Linux Basic for Noobs

A number of you have written me regarding which operating system is best for hacking.

I’ll start by saying that nearly every professional and expert hacker uses Linux or Unix.

Although some hacks can be done with Windows and Mac OS, nearly all of the hacking tools are developed specifically for Linux.

There are some exceptions, though, including software like Cain and Abel, Havij, Zenmap, and Metasploit that are developed or ported for Windows.

When these Linux apps are developed in Linux and then ported over to Windows, they often lose some of their capabilities. In addition, there are capabilities built into Linux that simply are not available in Windows. That is why hacker tools are in most cases ONLY developed for Linux.

To summarize, to be a real expert hacker, you should master a few Linux skills and work from a Linux distribution like BackTrack or Kali.

For those of you who’ve never used Linux, I dedicate this series on the basics of Linux with an emphasis on the skills you need for hacking. So, let’s open up BackTrack or your other Linux distribution and let me show you a few things.

  • STEP 1: Boot Up Linux Once you’ve booted up BackTrack, logged in as ‘root’ and then type:
bt > startx
  • STEP 2: Open a Terminal To become proficient in Linux, you MUST master the terminal. Many things can be done now in the various Linux distributions by simply pointing and clicking, similar to Windows or Mac OS, but the expert hacker must know how to use the terminal to run most of the hacking tools.
  • So, let’s open a terminal by clicking on the terminal icon on the bottom bar.
  • If you’ve ever used the command prompt in Windows, the Linux terminal is similar, but far more powerful. Unlike the Windows command prompt, you can do EVERYTHING in Linux from the terminal and control it more precisely than in Windows.
  • It’s important to keep in mind that unlike Windows, Linux is case-sensitive. This means that Desktop is different from desktop which is different from Desktop. Those who are new to Linux often find this challenging, so try to keep this in mind.
  • STEP 3: Examine the Directory Structure Let’s start with some basic Linux. Many beginners get tripped up by the structure of the file system in Linux. Unlike Windows, Linux’s file system is not linked to a physical drive like in Windows, so we don’t have a c: at the beginning of our Linux file system, but rather a/.
  • The forward slash (/) represents the root of the file system or the very top of the file system. All other directories (folders) are beneath this directory just like folders and sub-folders are beneath the c: drive.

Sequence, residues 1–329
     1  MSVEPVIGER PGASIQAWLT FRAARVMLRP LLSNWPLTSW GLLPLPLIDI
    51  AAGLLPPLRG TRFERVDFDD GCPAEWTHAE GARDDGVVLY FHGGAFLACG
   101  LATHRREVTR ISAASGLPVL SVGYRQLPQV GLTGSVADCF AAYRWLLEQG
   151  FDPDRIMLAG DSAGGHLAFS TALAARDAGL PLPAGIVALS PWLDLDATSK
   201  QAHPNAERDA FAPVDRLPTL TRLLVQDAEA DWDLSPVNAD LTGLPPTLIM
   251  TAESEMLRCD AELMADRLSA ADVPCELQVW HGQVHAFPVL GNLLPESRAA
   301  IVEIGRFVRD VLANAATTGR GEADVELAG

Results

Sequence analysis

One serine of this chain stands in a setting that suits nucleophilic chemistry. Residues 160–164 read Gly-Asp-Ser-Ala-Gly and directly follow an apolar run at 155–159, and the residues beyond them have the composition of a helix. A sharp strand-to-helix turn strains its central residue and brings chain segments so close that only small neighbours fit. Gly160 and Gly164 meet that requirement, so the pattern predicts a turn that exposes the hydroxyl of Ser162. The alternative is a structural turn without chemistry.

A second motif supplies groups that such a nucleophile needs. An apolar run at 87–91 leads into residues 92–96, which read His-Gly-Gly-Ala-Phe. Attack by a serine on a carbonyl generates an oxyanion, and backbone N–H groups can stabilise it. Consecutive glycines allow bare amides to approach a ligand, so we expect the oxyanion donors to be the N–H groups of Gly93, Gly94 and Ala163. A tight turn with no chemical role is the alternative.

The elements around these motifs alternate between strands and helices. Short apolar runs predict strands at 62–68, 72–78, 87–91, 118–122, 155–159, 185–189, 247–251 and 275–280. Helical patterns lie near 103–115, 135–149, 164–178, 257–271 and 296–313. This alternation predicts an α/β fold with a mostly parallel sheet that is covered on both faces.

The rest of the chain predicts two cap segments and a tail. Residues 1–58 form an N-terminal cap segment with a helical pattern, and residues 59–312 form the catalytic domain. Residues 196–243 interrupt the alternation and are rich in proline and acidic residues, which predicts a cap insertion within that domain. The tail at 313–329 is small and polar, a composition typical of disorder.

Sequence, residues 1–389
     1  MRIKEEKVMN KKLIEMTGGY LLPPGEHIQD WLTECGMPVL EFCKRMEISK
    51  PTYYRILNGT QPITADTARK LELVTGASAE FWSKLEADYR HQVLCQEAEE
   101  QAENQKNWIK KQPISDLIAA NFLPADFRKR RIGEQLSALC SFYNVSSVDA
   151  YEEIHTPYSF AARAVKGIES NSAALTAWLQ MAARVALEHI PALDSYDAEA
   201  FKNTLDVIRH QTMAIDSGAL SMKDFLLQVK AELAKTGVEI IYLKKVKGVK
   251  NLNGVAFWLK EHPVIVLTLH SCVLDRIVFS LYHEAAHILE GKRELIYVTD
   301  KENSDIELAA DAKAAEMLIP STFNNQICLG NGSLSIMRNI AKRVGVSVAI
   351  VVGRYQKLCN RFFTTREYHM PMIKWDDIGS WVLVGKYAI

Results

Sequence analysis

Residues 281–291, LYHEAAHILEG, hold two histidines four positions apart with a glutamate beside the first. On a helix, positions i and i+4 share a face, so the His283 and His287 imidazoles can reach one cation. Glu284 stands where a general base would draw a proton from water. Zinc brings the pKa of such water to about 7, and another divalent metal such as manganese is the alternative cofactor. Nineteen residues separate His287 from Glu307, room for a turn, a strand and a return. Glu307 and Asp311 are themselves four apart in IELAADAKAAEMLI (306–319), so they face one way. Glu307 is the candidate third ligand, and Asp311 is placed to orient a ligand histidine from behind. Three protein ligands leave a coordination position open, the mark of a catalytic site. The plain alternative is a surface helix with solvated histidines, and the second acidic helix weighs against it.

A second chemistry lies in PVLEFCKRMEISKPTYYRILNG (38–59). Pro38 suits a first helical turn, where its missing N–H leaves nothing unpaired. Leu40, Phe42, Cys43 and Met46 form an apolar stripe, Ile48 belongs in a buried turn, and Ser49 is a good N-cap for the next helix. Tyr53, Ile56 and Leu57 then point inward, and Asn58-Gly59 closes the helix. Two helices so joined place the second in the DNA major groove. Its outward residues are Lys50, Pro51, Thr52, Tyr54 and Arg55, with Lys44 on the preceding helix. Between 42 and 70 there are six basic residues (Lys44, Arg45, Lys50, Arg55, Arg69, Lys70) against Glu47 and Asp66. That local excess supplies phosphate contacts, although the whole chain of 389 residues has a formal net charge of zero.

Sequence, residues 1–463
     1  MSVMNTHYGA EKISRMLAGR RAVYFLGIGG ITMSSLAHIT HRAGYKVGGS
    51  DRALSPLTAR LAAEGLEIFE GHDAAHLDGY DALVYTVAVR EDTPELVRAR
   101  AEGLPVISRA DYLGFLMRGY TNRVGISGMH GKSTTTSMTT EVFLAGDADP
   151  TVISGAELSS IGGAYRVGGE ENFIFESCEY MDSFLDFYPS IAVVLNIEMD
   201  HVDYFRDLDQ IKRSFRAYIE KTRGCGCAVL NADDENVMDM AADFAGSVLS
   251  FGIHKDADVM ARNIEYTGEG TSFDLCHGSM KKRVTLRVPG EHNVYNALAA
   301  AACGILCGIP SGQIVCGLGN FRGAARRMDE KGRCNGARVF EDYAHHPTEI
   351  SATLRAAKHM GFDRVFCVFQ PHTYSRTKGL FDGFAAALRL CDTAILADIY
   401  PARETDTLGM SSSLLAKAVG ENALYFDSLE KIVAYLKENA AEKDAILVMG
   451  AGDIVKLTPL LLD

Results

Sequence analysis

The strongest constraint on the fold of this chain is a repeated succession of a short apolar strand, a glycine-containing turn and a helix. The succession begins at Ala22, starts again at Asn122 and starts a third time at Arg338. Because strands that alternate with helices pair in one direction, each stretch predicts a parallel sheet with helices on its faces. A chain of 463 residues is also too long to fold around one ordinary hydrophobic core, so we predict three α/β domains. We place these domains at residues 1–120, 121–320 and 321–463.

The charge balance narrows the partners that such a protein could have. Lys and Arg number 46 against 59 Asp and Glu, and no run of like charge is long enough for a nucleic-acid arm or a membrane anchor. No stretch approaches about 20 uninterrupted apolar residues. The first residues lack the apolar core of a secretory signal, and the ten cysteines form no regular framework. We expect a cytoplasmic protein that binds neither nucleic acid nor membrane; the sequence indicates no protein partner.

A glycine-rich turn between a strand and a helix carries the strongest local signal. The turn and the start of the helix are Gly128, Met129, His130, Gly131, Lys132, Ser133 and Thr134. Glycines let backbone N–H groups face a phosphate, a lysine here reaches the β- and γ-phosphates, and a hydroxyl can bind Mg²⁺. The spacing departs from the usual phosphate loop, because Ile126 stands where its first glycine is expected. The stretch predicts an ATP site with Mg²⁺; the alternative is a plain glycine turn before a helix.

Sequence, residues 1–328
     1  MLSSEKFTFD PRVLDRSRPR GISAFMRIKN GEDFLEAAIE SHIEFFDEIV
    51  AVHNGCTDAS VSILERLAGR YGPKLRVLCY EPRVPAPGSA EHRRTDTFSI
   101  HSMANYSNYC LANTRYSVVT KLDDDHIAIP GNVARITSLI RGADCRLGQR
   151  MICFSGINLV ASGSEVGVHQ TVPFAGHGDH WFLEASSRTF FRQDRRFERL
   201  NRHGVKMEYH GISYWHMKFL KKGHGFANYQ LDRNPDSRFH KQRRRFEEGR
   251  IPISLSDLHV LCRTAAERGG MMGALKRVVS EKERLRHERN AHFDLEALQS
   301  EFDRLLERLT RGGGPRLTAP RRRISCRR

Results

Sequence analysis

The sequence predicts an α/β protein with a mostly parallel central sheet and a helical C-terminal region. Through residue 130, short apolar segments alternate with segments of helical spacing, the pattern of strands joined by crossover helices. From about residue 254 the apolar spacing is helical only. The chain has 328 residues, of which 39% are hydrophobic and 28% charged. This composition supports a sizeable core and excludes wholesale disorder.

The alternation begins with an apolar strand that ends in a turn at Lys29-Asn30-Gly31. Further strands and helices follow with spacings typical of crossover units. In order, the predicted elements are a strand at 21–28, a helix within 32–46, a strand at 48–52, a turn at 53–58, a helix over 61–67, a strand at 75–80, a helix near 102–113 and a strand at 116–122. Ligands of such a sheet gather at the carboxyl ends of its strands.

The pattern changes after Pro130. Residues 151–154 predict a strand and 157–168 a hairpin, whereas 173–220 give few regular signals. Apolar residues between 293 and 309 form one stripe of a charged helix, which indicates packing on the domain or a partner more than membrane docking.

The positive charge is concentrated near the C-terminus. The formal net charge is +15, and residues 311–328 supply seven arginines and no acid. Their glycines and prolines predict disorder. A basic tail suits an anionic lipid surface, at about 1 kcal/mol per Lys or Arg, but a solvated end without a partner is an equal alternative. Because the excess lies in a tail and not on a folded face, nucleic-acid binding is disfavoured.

• It’s important to have a basic understanding of this file structure because often we need to navigate through it from the terminal without the use of a graphical tool like Windows Explorer.
  • A couple key things to note in this graphical representation:
  • The /bin directory is where binaries are stored. These are the programs that make Linux run.
  • /etc is generally where the configuration files are stored. In Linux, nearly everything is configured with a text file that is stored under /etc.
  • /dev directory holds device files, similar to Windows device drivers.
  • /var is generally where log files, among other files, are stored.
  • STEP 4: Using Pwd
  • When we open a terminal in Backtrack, the default directory we’re in is our home directory. As you can see from the graphic above, it’s to the right of the root directory or one level below root. We can confirm what directory we are in by typing:
bt > pwd
  • pwd stands for present working directory and as you can see, it returns /root’ meaning we’re in the root users directory (don’t confuse this with the top of the directory tree root. This is the root users directory).
  • STEP 5: Using Cd Command
  • We can change the directory we’re working in by using the cd (change directory) command. In this case, let’s navigate up to the top of the directory structure by typing:
bt > cd..
  • The cd command followed by the double dots (..) says, move me up one level in the directory tree. Notice that our command prompt has changed and when we type pwd we see that Linux responds by telling us we are in the / or the top of the directory tree (or the root directory).
bt > pwd
  • STEP 6: Using the Whoami Command
  • In our last lesson of this tutorial, we’ll use the whoami command. This command will return the name of the user we’re logged in as. Since we’re the root user, we can log in to any user account and that user’s name would be displayed here.
bt > whoami
  • That’s it for now. In the next several tutorials, I will continue to give you the basics of Linux that you’ll need to be a pro hacker.

Leave a Comment

Your email address will not be published. Required fields are marked *